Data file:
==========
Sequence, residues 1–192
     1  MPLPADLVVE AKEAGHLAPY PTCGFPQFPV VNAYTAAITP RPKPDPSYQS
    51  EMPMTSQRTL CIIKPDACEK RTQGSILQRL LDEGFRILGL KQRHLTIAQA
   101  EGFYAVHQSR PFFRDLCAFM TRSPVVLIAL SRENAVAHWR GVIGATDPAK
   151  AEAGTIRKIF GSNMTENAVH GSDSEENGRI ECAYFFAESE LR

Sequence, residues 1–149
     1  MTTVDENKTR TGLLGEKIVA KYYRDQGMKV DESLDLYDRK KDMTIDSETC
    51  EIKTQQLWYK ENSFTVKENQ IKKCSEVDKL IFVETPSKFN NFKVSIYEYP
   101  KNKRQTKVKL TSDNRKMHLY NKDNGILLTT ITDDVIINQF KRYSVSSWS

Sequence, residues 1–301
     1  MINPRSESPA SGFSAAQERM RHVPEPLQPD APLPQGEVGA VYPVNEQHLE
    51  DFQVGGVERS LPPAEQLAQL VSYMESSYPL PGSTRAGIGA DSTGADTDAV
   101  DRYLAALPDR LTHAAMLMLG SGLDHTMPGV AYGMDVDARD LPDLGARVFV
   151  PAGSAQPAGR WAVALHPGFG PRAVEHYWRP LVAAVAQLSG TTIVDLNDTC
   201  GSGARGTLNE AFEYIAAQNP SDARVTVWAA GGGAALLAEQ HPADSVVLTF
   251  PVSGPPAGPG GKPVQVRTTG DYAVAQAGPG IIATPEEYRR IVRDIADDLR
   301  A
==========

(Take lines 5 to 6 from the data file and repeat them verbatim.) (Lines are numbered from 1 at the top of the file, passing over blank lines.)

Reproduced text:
   151  AEAGTIRKIF GSNMTENAVH GSDSEENGRI ECAYFFAESE LR

Sequence, residues 1–149